Network for Oratory and Politics
Led by the University of Glasgow, the Network for Oratory and Politics is a multi-disciplinary and multi-institutional collaboration funded by a Royal Society of Edinburgh Research Network grant.
Oratory has been and still is an intrinsic part of political life as a major medium through which to communicate ideas, share opinions, and advertise claims to political influence and power. From the ancient political cultures of Greece and Rome to modern political debates, the delivery of effective and convincing speeches has shaped and changed political agendas and decisions.
The aim of the Network for Oratory and Politics is to facilitate research into and discussion of political oratory across historical periods and regions in order to broaden up the study of political speech and reach out to non-academic communities. The network aims to connect academics with political practitioners of public speech such as politicians, speech writers and the general public in an exchange of knowledge and ideas.
The network’s activities will focus on gathering academics to analyse and discuss oratory and politics across historical periods and regions; engaging practitioners of political oratory in discussions of the relationship between oratory and politics, and cultural receptions of oratory; communicating these discussions through a range of media to the scholarly community and to the public; engaging the public through public lectures in a fruitful discussion of political oratory; training postgraduate students in the study of oratory and politics; fostering links for future projects and collaborations in the field; acting as a communication hub for externally-organised events whose content falls within the interests of this network.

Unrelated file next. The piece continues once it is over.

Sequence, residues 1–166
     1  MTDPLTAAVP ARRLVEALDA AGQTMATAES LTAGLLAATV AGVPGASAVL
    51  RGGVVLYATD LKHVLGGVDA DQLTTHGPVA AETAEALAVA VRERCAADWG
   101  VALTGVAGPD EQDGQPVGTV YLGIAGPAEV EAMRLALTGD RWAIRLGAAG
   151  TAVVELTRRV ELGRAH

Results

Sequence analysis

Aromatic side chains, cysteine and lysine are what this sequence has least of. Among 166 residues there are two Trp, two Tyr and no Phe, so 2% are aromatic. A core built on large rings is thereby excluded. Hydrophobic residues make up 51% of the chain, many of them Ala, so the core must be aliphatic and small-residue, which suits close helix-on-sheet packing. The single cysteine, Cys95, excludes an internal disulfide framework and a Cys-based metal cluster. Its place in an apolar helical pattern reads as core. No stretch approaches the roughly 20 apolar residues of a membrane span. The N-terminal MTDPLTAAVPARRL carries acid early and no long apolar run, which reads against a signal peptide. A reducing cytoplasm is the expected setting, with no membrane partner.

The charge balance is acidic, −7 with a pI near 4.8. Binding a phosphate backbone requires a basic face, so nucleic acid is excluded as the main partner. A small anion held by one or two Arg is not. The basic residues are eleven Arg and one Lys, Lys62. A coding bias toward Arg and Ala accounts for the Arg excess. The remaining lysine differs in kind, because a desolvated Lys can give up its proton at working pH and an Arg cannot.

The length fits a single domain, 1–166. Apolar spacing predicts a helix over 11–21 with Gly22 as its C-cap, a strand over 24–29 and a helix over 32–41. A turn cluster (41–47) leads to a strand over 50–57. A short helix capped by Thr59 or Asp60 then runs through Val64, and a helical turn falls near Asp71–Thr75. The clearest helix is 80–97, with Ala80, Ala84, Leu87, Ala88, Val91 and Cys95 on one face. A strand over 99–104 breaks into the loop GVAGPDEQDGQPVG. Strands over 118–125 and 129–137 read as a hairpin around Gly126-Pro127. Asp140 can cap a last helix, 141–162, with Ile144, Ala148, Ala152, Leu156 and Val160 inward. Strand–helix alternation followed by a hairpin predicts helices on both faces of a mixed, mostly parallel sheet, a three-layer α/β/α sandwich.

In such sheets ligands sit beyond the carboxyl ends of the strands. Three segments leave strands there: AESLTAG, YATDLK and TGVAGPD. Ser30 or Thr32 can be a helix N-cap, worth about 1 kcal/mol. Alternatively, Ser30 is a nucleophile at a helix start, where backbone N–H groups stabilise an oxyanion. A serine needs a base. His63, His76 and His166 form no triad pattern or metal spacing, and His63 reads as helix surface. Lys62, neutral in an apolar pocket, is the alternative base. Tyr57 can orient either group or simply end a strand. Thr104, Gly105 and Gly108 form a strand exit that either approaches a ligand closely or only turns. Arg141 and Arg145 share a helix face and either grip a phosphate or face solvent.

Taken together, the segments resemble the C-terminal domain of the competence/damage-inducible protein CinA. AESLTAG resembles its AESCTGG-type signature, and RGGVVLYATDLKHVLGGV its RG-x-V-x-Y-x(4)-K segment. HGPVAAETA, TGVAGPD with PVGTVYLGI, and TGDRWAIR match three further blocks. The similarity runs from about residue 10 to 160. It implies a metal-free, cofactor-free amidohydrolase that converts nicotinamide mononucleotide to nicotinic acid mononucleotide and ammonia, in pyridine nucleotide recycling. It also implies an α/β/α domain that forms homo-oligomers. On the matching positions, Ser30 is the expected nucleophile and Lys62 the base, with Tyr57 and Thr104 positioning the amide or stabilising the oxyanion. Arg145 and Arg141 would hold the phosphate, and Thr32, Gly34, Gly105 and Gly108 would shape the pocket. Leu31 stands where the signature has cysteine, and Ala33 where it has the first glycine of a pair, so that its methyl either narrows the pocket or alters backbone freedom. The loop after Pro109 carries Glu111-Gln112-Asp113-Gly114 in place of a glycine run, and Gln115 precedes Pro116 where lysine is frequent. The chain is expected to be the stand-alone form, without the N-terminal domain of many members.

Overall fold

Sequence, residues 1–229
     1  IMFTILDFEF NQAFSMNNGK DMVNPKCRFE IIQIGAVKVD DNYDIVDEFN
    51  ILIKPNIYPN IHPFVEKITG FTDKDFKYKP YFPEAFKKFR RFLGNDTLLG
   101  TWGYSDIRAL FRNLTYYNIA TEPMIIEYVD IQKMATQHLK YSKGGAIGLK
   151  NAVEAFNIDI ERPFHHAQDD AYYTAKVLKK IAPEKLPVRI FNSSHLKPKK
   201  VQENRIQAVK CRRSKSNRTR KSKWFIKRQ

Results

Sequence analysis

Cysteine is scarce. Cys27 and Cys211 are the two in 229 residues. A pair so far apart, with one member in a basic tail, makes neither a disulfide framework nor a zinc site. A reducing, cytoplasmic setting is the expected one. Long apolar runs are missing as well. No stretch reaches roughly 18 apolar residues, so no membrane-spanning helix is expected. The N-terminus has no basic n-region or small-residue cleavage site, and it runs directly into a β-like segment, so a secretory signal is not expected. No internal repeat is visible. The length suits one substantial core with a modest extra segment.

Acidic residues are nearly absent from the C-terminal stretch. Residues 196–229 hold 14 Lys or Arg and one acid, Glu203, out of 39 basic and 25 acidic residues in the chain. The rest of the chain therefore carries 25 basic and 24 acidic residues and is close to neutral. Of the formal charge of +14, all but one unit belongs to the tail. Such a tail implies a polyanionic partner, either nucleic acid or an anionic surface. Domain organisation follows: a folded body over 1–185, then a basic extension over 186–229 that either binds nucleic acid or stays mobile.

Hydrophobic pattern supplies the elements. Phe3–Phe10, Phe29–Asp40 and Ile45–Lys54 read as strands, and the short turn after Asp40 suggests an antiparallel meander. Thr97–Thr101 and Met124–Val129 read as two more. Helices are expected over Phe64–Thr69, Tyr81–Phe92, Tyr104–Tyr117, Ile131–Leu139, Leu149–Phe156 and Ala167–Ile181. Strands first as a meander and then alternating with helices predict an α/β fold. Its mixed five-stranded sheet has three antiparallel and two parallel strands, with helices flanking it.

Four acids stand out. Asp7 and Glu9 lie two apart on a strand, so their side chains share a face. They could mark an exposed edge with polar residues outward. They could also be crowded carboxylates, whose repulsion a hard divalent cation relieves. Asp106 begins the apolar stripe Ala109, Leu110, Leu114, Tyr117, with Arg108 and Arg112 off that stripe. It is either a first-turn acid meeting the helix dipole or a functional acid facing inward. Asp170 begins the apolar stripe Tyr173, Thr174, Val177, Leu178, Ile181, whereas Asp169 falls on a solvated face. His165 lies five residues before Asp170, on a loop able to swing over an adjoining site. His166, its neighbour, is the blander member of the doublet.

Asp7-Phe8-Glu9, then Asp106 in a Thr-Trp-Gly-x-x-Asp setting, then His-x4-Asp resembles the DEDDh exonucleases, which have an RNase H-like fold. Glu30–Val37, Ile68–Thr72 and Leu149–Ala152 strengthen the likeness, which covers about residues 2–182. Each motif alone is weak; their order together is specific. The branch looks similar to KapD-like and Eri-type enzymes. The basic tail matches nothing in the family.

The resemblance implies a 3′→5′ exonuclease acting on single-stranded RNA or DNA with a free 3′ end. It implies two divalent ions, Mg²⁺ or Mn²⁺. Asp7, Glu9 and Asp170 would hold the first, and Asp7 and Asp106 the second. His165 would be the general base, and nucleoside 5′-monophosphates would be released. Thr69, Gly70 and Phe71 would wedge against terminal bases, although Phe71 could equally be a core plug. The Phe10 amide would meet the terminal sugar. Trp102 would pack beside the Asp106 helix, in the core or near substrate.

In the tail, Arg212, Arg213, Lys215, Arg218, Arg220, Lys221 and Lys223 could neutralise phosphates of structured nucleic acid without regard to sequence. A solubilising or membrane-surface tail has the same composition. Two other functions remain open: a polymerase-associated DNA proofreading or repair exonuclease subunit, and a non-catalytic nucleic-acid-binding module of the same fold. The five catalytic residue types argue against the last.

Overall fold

The Network for Oratory and Politics is the first of its kind in the UK through its broad historical and geographical scope, its commitment to knowledge exchange with non-academic groups, and its use of modern communication technologies to reach out to both academic and non-academic communities.